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Werner von Siemens Gymnasium München

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11 Punkte, 2015

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12/1 English 26.08.2016 Comment The weapon right in the USA is worldwide one of the most liberal ones. At the same time the United States of America are one of the countries in which power and criminal activity are exceptionally high. The majority of the American citizens looks at the right on weapon possession as a fundamental right. Many of them have grown up in families in which weapon possession was everyday particularly in the rural areas and in the south of the USA. For one carrying a weapon belongs to own identity, for the others she…

English W- Seminar

Research log (11/1)


In my seminar paper I will be talking about the National Rifle Association's influence on American politics and culture. Over the past few years many shootings have occured all over the Unites States of America and therefore many discussions and controversy have risen up.

Despite of people being victims of mass shootings over and over again, gun advocates still exist with one of the biggest gun rights organizaion being the NRA. Whenever shootings happen the NRA is always there to whitewash guns. Even if there is just a small outcry for gun control, the NRA immediately stands on the opposing side, arguing that gun control legislation violates the 2nd Amendment, which specifically forbids the infringement by the federal government of the people's right to '' keep and bear arms''.

But why are there people who oppose gun control even after many human lives have perished because of gun violence? What are the ethics of gun ownership?

In order to answer these questions, a further look into American history and society is needed, because there are many points of view to approach this issue. Now i will talk about some main ideas that I have in mind. At first i would like to give general information about the NRA and their influence on American culture.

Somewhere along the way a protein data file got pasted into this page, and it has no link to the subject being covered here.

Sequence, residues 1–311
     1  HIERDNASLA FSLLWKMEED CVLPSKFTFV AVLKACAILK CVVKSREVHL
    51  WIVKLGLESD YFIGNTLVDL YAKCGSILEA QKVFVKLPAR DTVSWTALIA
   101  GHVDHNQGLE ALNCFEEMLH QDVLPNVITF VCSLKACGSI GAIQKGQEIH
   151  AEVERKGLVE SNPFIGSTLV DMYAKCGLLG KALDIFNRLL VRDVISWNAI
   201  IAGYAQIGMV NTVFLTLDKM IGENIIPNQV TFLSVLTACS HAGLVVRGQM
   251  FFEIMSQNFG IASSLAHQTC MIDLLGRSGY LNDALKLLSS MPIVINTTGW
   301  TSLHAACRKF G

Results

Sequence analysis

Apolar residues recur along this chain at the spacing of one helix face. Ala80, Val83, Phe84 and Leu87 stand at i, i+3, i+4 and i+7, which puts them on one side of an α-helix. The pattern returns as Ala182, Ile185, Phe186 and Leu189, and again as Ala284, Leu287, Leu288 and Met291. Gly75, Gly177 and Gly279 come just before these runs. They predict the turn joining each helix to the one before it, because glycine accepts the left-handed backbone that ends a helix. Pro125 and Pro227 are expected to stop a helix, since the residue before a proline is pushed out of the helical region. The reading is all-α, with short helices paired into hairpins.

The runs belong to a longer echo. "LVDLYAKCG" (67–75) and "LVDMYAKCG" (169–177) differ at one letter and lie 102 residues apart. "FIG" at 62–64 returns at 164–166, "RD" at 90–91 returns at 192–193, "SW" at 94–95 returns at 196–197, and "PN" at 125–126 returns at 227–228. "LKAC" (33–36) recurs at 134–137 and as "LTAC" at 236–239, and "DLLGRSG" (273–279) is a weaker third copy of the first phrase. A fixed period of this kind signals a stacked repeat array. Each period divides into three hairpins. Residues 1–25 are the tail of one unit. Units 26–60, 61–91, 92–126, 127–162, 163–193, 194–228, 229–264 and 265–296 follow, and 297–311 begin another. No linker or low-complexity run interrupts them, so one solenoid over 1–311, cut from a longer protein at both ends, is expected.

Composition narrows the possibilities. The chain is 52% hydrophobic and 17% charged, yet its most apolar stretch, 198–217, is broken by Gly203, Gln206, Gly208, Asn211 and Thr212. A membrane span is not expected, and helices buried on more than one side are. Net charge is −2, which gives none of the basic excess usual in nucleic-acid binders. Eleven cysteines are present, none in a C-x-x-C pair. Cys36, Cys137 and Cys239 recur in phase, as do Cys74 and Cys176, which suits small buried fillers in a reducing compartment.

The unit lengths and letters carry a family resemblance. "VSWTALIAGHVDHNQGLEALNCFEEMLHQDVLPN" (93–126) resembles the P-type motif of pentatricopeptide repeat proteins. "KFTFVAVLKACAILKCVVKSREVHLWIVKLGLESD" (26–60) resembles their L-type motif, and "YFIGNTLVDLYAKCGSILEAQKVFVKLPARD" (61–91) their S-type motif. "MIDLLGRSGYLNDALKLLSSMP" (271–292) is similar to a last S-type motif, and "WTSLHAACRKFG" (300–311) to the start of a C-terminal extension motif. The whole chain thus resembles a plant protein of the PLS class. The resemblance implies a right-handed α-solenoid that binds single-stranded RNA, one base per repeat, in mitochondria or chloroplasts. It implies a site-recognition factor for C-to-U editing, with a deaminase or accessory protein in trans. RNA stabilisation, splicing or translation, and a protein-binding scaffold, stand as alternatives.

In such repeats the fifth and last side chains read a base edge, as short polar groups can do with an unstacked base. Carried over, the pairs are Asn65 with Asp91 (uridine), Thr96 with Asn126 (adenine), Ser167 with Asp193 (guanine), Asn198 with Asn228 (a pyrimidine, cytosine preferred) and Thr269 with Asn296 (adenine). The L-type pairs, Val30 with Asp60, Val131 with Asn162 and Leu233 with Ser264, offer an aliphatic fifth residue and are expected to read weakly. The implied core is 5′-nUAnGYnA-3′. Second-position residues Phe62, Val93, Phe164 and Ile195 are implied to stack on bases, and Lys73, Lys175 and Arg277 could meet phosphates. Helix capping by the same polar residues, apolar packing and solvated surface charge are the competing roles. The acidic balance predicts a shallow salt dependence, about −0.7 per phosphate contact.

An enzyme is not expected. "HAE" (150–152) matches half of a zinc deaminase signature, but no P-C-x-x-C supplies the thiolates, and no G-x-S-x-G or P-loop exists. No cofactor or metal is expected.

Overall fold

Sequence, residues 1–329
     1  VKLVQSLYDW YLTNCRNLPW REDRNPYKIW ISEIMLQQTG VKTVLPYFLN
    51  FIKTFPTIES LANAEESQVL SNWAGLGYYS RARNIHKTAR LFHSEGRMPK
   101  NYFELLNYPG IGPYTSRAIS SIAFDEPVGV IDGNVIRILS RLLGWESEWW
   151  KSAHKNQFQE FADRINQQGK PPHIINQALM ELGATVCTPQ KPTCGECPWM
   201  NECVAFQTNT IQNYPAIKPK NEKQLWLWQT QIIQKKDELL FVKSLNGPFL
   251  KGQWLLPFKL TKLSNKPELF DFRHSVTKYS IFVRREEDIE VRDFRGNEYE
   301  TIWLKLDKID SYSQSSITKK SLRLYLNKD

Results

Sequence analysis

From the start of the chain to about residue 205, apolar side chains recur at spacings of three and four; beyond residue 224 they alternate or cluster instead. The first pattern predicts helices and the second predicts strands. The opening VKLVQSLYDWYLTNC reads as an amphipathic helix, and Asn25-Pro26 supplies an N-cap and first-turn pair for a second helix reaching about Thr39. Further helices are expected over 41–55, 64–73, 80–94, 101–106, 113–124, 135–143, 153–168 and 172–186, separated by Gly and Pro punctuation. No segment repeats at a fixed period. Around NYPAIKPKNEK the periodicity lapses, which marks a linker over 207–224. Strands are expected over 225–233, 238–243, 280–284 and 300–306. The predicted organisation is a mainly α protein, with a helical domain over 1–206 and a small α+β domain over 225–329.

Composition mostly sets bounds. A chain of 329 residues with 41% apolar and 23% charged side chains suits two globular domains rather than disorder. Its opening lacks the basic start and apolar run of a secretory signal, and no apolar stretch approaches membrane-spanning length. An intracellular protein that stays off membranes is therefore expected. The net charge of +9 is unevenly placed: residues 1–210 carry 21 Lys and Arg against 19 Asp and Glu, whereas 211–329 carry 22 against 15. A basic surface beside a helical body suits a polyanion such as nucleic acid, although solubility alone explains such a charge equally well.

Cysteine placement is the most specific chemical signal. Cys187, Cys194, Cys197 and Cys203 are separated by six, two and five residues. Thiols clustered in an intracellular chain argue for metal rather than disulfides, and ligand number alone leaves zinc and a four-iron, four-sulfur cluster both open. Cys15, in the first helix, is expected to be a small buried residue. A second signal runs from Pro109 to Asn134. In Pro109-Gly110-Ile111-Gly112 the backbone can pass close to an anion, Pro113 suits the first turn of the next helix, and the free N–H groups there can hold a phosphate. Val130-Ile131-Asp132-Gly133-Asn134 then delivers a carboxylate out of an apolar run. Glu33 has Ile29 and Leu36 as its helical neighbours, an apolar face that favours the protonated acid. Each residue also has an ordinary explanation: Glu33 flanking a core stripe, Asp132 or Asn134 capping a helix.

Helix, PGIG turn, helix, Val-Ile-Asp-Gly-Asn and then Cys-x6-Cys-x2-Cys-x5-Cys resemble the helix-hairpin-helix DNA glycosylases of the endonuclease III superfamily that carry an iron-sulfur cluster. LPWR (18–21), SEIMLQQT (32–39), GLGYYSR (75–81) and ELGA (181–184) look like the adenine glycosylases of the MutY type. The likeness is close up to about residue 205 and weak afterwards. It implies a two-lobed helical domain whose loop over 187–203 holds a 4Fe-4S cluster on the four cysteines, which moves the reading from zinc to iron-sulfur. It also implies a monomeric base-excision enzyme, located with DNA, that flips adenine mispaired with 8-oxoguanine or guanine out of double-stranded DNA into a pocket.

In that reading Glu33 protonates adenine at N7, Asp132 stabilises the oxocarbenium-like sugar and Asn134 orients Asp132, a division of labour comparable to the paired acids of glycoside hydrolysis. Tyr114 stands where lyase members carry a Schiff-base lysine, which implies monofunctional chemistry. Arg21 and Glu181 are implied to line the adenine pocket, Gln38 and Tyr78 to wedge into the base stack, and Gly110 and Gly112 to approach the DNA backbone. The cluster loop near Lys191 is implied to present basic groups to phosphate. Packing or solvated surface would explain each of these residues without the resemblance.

Then i will talk about the ethics of gun ownership followed by the different interpretations of the 2nd Amendment.

The NRA is a nonprofit organization which was founded 1871. Its primary mission is ''to protect and defend the Constitution of the United States.'', especially the 2nd Amendment. It has informed its members about firearm related bills since 1934 and it has directly lobbied for and against legislation since 1975. The NRA was originally created to advance marksmanship and still teaches firearm competency and safety. Just as the NRA’s focus has shifted over time from its start as an organization focused on training and marksmanship to one that is a major opponent in the battle over gun control, the reason why Americans own guns also have changed.

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Protection is the main line when it comes to owning a gun. Regardless of the best efforts of law enforcements, violence will still exist and neither enforcement nor prevention can be effective all the time. So should law-abiding people own guns to protect themselves? This is basically the argument behind the NRA's reaction to the Sandy-Hook shooting.

They argue that many lives could have been saved if there had been armed law-abiding people who would have taken down the shooter. It might never have happened if the shooter had known he would confront armed people. The solution to fight guns with guns might sound insane, but there is truth to this idea, because most of the time criminals pick targets that are weaker than them.

Arming law-abiding citizens means they are no weaker targets anymore. Then again taking away all of the citizens' guns would lead to the same result. But Americans just can not give up their beloved guns. And that leads us back to the gun control debate.

Gun control advocates say that guns are no longer needed and sometimes add the argument that the constitutionally right was never meant to apply to individuals.

Another reason why there are gun rights advocates is because '' The right to bear arms has long been an American tradition. From the time colonists settled on North American soil, Americans have held weapons to protect themselves. Armed citizen-soldiers won America's freedom from English rule more than two centuries ago.

Partly because of this long-standing tradition, attempts to restrict a citizen's right to own a gun evoke strong emotions. The modern debate over gun control erupted over a series of high-profile assassinations in the 1960s and gained new urgency after gun-related violence rose in the 1980s and 1909.''[1]

1: Alters, Sandra M. "The History of the Right to Bear Arms." Gun Control, Restricting Rights or Protecting People. Detroit: Thomson Gale, 2007. 148.Print.


-Kim, Henny H. Guns and Violence. Greenhaven, 1999. 224. Print.

-Kruschke, Earl R. Gun Control. ABC-CLIO, 1995. 408. Print.

-Wogan, J. B. ''Beyond gun control precluded from banning the ownership of firearms, cities are finding new ways to go after gun violence.'' Governing Sept. 2014: 32+. Academic OneFile. Web. 9 Jan. 2015


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